Critiquing an Objection to the Cosmological Argument

by Max Andrews

Neill Shenton recently did a review/response to one of Doug Beaumont’s arguments for the existence of God.  Doug’s argument is the ususal Thomastic cosmological argument from contingency.  At this point I’ll assume that you’ve read the two posts so you’ve got a greater context for what follows.

Here’s Shenton:

This is an argument that keeps coming up & folk tweet responses but my thoughts don’t fit in a tweet so here’s my ramblings on the topic. 

I see this as a rather futile attempt to “prove” there is a god by a logic that depends upon definitions of the terms.  The key words here are ‘being’ and, not surprisingly, ‘god’.  If we substitute these words the futility is exposed.

  1. A widget exists
  2. Widgets cannot spontaneously come into existence, they have to be “made” by something that came beforehand.
3. If our widget was made by or evolved from another, and so on, where did the first widget come from?
4. Some none-widget-like-process made the first widget
5. I’m calling that “f’narg”
6. What do we know about F’narg? Nothing except it isn’t a widget by definition.  Is it god?  You could call it that, I’ll stick to f’narg; it has NO connotations.  So, we now know exactly what we already did, all this widgety universe started with something and now it has a name, f’narg

What Shenton is doing here is that he’s completely ignoring the modal status of the terms ‘contingent’ and ‘necessary’ in the original Thomistic argument.  This isn’t that big of a deal but for him to completely dismiss it isn’t critiquing the argument on its own grounds.  He’s changing the argument (straw man).  P3 is obviously a misunderstanding of the argument.  He’s conflating Thomas’ hierarchicial in esse causation with temporal causation as with kalam. So why think 3 is a valid premise on Shenton’s own terms? Well, I don’t think there is a reason because of the ambiguity of the terms and the conflation of temporal processes and hierachical/transitive causation.  When we say that there cannot be an infinite regress of in esse causation (contingencies) we have to contrast that with something that is non-contingent.  This is why the modal relationship is important here. In P6 Shenton says that there are no connotations between widget and f’narg.  Well, that’s precicsely why we should cast doubt on P4 and P5.  What is the relationship between these two terms?  The argument fails on its own grounds because of a lack of definition between the terms.  One cannot have a modal argument without having the modal connections in terms.  To offer a counter-argument like this to demonstrate the absurdity of the argument doesn’t work because modal terms are not interchangeable with non-modal terms while preserving the argument.  Once one changes the modal status of the terms it’s a completely different argument.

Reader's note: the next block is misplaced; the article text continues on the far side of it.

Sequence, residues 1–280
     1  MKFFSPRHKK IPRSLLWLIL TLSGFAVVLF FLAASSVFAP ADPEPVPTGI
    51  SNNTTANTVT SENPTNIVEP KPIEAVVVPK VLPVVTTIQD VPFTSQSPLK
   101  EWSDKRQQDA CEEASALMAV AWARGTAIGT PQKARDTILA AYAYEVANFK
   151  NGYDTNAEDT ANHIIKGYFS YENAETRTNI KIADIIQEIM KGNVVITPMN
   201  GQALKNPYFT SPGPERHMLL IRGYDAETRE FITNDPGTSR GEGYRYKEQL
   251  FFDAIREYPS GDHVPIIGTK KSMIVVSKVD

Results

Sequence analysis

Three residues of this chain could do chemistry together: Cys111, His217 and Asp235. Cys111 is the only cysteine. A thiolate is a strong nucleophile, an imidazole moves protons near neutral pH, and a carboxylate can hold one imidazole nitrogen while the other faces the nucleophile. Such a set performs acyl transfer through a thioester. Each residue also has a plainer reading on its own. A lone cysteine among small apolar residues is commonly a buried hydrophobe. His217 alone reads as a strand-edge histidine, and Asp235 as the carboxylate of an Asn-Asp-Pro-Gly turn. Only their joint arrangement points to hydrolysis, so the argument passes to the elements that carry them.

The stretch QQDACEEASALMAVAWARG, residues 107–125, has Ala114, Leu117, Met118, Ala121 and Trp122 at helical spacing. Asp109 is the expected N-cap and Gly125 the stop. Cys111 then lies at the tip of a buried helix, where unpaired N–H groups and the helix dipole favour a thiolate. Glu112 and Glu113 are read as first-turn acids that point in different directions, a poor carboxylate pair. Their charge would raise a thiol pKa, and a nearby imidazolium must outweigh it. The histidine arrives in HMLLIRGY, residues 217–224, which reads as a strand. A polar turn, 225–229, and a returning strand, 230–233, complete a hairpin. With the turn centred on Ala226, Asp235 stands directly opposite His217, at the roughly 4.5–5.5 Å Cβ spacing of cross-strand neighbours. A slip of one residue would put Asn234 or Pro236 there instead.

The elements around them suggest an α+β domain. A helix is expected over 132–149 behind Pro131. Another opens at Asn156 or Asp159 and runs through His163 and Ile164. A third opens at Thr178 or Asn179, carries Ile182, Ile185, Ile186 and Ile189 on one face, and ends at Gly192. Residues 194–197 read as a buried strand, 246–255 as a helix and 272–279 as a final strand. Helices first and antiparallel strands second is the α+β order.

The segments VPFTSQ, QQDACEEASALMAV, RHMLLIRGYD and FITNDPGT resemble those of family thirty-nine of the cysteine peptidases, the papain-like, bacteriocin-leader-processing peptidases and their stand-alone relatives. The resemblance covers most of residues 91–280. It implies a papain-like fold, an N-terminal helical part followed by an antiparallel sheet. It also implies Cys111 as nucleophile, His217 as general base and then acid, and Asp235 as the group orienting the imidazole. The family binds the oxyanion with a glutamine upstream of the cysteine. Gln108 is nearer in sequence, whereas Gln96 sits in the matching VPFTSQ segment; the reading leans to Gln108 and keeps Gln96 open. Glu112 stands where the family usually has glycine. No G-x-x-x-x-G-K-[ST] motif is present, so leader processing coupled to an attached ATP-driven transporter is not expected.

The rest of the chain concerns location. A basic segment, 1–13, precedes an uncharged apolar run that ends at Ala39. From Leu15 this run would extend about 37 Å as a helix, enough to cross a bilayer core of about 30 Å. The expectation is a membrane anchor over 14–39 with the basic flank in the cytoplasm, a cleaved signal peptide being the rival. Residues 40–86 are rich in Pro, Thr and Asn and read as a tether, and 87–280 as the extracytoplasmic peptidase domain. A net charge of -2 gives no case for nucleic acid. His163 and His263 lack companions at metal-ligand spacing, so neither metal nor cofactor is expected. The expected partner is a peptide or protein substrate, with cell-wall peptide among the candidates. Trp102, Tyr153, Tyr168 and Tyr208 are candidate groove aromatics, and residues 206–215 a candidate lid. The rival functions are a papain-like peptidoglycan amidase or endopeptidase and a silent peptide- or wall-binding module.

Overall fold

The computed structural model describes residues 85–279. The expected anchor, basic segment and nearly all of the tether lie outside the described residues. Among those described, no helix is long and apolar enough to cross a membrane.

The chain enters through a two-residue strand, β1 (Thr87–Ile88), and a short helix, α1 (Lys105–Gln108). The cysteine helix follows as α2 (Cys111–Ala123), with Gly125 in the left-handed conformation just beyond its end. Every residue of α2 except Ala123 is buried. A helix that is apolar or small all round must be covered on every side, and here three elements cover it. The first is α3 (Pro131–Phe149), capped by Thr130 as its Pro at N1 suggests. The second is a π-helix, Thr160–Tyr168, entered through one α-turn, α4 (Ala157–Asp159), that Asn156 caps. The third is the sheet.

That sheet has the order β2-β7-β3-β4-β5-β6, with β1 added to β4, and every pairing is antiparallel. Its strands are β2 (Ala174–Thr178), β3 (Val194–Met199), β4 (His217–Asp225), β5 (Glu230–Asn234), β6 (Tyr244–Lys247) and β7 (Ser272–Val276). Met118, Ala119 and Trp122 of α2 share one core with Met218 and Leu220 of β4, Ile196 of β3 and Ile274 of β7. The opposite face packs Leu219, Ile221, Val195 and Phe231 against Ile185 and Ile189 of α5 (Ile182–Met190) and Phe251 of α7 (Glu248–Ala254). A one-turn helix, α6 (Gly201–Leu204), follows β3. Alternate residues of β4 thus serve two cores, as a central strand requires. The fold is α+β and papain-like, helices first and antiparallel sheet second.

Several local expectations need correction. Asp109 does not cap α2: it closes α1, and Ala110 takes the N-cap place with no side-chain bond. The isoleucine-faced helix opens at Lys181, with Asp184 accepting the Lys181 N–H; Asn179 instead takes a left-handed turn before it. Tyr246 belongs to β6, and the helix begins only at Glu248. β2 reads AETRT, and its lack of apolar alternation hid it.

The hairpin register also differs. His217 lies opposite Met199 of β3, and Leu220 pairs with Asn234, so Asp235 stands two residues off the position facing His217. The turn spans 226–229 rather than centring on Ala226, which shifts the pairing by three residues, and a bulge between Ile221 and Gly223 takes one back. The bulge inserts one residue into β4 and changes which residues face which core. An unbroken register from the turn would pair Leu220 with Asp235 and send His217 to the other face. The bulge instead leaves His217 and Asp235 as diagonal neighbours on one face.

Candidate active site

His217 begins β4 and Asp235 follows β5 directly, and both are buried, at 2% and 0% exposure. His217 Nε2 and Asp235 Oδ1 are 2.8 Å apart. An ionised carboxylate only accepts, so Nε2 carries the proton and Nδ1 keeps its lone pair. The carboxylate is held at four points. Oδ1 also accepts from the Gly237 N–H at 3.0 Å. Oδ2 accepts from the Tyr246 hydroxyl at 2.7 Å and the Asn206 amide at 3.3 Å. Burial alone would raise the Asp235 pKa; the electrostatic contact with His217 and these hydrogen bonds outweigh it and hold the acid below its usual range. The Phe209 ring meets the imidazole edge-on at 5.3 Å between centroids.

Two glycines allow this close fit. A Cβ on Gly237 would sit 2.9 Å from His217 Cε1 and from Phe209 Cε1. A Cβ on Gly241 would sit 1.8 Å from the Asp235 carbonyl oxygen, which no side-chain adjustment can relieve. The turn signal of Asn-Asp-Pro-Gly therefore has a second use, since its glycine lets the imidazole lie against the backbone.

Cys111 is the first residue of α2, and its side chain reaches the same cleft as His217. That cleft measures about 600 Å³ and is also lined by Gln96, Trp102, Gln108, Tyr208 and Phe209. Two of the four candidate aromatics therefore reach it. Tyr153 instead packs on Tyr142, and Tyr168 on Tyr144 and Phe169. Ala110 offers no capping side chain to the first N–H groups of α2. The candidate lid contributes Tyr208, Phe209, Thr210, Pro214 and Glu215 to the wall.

Thus, there are two primary problems with this counter-argument.

  1. Removing the modal relationship of the terms ‘necessity’ and ‘contingent’ with terms that hold no modal status (or at least have not defined their modal status).
  2. Convolution P3 with temporal causation and transitive causation.

6 Comments to “Critiquing an Objection to the Cosmological Argument”

  1. Good work Max. Problem 2 is common enough that it appears in many textbooks, so I could grant Shenton some mercy there ( I once had a student write an entire paper on Thomas’s argument from contingency that made this mistake!).

    Problem 1 probably flows from Problem 2, but fails anyway. Only if one fails to catch Shenton’s switch from “All contingent being” to a mere subset of it (“widgets”) does his argument even seem to get off the ground. However, “non-contingent” and “non-widget” are not analogous. Contingent/Non-Contingent are exhaustive categories, whereas widget/non-widget are not.